Geriatric depression treatment in nonresponders to selective serotonin reuptake inhibitors.
ABSTRACT Up to a third of elderly patients with major depressive disorder are treatment resistant, yet little objective evidence is available to guide the clinician in managing these patients. We report here our experience with elderly subjects with prospectively defined treatment-resistant depression in 2 separate research studies: one entailing an augmentation strategy, the other a change to venlafaxine extended release (XR).
Fifty-three elderly subjects with major depressive disorder according to DSM-IV criteria who failed treatment with paroxetine plus interpersonal psychotherapy received 1 to 3 trials of augmentation with bupropion sustained release, nortriptyline, or lithium. Successively fewer subjects entered each sequential trial of augmentation. Twelve subjects subsequently received venlafaxine XR monotherapy. Response to treatment was defined as a 17-item Hamilton Rating Scale for Depression score of < 10 for 3 weeks.
Sixty percent of subjects (N = 32) responded to some form of augmentation, with 45% (24/53), 31% (5/16), and 43% (3/7) responding to the first, second, and third augmentation trials, respectively. The mean time to response after starting the first augmentation trial was 6.0 (SD = 5.8) weeks. Forty-two percent (N = 5) of the venlafaxine XR-treated subjects responded with the mean time to response of 6.4 (SE = 0.9) weeks. Adverse effects leading to treatment discontinuation and falls were more common in the augmentation subjects than in the venlafaxine XR subjects.
We observed similar rates and speed of response with an augmentation strategy and a strategy of switching to venlafaxine XR in elderly subjects with prospectively defined treatment-resistant major depressive disorder. Venlafaxine XR was generally better tolerated than the augmentation strategies. Further investigation of venlafaxine XR as a preferred strategy for treatment-resistant geriatric depression is warranted.
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ABSTRACT: back pain, osteoarthritis, and neuropathic pain are frequently comorbid with depression. When comorbid, these condi- tions slow the treatment of each other, worsen physical and psychological disability, and increase caregiving burden. Anatomic, neurochemical, and psychological similarities lead to high rates of comorbidity. Anxiety, disordered sleep, fatigue, and cognitive impairment are frequent "cotravelers" with depression and pain in late life; these conditions re- quire vigilant screening and treatment. Psychiatrists should be familiar with current analgesic prescribing patterns and be able to effectively collaborate with primary care physicians and physical therapists to optimize treatment outcomes for patients with these complex problems. In this article we provide a review of the literature, an update on some of our own research in this area, and relevant clinical perspectives.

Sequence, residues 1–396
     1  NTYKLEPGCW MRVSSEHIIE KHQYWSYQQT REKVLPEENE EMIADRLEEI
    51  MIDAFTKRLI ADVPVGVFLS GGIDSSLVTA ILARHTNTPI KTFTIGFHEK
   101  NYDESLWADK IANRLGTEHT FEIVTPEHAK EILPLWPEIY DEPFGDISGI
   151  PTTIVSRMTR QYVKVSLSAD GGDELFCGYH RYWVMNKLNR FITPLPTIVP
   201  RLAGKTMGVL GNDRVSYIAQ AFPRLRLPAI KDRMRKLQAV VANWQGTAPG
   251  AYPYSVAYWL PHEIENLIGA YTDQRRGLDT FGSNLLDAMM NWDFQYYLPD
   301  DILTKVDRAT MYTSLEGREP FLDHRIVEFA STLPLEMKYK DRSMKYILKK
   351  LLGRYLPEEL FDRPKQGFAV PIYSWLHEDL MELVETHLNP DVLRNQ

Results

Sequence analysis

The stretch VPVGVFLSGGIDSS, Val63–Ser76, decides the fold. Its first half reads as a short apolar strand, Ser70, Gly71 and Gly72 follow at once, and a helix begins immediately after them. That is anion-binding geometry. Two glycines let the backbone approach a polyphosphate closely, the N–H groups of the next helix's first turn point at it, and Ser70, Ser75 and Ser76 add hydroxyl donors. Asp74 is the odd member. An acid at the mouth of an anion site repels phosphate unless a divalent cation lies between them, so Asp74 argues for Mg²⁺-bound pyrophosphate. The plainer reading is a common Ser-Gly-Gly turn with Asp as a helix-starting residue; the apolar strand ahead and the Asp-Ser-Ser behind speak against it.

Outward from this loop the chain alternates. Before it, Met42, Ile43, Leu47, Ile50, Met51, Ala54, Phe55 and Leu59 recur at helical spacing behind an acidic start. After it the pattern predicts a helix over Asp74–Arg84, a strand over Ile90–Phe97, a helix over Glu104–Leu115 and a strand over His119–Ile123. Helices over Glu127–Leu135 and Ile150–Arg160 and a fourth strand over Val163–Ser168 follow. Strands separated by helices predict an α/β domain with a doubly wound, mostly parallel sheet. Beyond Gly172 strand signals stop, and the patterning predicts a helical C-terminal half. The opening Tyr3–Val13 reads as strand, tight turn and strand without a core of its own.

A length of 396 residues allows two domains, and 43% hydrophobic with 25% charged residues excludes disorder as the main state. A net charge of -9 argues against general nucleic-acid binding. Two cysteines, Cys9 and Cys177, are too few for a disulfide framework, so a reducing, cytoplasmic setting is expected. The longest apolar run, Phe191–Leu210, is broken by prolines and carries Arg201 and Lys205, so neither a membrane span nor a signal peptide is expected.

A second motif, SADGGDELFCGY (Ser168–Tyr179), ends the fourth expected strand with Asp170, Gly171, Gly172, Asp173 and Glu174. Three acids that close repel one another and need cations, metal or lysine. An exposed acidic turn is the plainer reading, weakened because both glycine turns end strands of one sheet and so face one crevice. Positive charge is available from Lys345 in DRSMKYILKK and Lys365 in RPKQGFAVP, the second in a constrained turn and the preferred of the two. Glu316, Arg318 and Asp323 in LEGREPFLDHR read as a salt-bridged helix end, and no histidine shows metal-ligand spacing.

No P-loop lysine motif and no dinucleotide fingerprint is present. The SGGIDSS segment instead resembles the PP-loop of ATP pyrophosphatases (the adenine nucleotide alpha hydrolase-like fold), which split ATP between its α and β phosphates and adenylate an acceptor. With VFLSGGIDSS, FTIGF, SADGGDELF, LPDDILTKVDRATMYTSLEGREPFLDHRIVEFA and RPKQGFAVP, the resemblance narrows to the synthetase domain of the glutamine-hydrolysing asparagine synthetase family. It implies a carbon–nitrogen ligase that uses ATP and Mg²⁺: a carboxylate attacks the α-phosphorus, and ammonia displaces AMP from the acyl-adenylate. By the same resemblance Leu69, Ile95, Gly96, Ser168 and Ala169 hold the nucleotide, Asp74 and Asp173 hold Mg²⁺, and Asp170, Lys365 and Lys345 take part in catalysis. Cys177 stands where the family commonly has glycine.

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ABSTRACT: Antidepressants are associated with bone loss and fractures in older adults. We treated depressed older adults with an antidepressant and examined its effects on bone turnover by comparing blood samples before and after treatment. Bone resorption increased after antidepressant treatment, which may increase fracture risk. INTRODUCTION: Antidepressants have been associated with increased bone loss and fractures in older adults in observational studies, but the mechanism is unclear. We examined the effects of a serotonin-norepinephrine reuptake inhibitor, venlafaxine, on biomarkers of bone turnover in a prospective treatment study of late-life depression. METHODS: Seventy-six individuals aged 60 years and older with current major depressive disorder received a 12-week course of venlafaxine XR 150-300 mg daily. We measured serum C-terminal cross-linking telopeptide of type I collagen (β-CTX) and N-terminal propeptide of type I procollagen (P1NP), measures of bone resorption and formation, respectively, before and after treatment. We then analyzed the change in β-CTX and P1NP within each participant. Venlafaxine levels were measured at the end of the study. We assessed depression severity at baseline and remission status after treatment. RESULTS: After 12 weeks of venlafaxine, β-CTX increased significantly, whereas P1NP did not significantly change. The increase in β-CTX was significant only in participants whose depression did not remit (increase by 10 % in non-remitters vs. 4 % in remitters). Change in β-CTX was not correlated with serum levels of venlafaxine or norvenlafaxine. CONCLUSION: Our findings suggest that the primary effect of serotonergic antidepressants is to increase bone resorption. However, such an increase in bone resorption seemed to depend on whether or not participants' depression remitted. Our results are in agreement with prior observational studies reporting increased bone loss in older adults taking serotonergic antidepressants. These negative effects on bone homeostasis could potentially contribute to increased fracture risk in older adults.Osteoporosis International 01/2013; 24(5). · 4.04 Impact Factor